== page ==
an Ethiopian dynasty.  Sardanapalus simply replaced one conqueror
by another.

[Illustration: AVENUE OF SPHINXES]

If one had a series of political maps of this long period of
history, this interval of ten centuries, we should have Egypt
expanding and contracting like an amoeba under a microscope, and
we should see these various Semitic states of the Babylonians, the
Assyrians, the Hittites and the Syrians coming and going, eating
each other up and disgorging each other again.  To the west of
Asia Minor there would be little Ægean states like Lydia, whose
capital was Sardis, and Caria.  But after about 1200 B.C. and
perhaps earlier, a new set of names would come into the map of the
ancient world from {100} the north-east and from the north-west.
These would be the names of certain barbaric tribes, armed with
iron weapons and using horse-chariots, who were becoming a great
affliction to the Ægean and Semitic civilizations on the northern
borders.  They all spoke variants of what once must have been the
same language, Aryan.





Round the north-east of the Black and Caspian Seas were coming the
Medes and Persians.  Confused with these in the records of the
time were Scythians and Samatians.  From north-east or
north-west came the Armenians, from the north-west of the
sea-barrier through the Balkan peninsula came Cimmerians,
Phrygians and the Hellenic tribes whom now we call the Greeks.
They were raiders and robbers and plunderers of cities, these
Ayrans, east and west alike.  They were all kindred and similar
peoples, hardy herdsmen who had taken to plunder.  In the east
they were still only borderers and raiders, but in the west they
were taking cities and driving out the civilized Ægean
populations.  The Ægean peoples were so pressed that they were
seeking new homes in lands beyond the Aryan range.  Some were
seeking a settlement in the delta of the Nile and being repulsed
by the Egyptians; some, the Etruscans, seem to have sailed from
Asia Minor to found a state in the forest wildernesses of middle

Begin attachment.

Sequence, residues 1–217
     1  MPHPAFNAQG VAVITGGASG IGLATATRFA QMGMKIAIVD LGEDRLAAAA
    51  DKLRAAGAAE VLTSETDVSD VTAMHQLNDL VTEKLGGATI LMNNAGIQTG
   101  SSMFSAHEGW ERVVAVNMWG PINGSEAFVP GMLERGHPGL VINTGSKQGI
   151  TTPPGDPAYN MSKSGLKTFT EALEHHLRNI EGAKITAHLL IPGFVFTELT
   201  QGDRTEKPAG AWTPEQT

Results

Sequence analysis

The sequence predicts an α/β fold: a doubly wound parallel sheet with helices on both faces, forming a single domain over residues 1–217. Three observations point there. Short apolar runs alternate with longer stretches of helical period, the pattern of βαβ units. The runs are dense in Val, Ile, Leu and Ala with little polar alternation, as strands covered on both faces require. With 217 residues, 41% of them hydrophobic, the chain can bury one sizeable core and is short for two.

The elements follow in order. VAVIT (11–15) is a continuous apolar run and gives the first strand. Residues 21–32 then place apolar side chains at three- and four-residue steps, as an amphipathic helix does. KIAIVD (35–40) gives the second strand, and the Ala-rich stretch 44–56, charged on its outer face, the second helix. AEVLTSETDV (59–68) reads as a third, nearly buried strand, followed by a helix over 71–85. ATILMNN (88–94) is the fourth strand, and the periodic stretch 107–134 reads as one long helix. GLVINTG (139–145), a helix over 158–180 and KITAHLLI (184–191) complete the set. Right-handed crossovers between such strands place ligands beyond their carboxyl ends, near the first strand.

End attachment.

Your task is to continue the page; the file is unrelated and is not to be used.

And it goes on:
Italy; some built themselves cities upon the south-east coasts of
the Mediterranean and became later that people known in history as
the Philistines.

Of these Aryans who came thus rudely upon the scene of the ancient
civilizations we will tell more fully in a later section.  Here we
note simply all this stir and emigration amidst the area of the
ancient civilizations, that was set up by the swirl of the gradual
and continuous advance of these Aryan barbarians out of the
northern forests and wildernesses between 1600 and 600 B.C.

And in a section to follow we must tell also of a little Semitic
people, the Hebrews, in the hills behind the Phoenician and
Philistine coasts, who began to be of significance in the world
towards the end of this period.  They produced a literature of
very great importance in subsequent history, a collection of
books, histories, poems, books of wisdom and prophetic works, the
Hebrew Bible.

In Mesopotamia and Egypt the coming of the Aryans did not cause
fundamental changes until after 600 B.C. The flight of {101} the
Ægeans before the Greeks and even the destruction of Cnossos must
have seemed a very remote disturbance to both the citizens of
Egypt and of Babylon.  Dynasties came and went in these cradle
states of civilization, but the main tenor of human life went on,
with a slow increase in refinement and complexity age by age.  In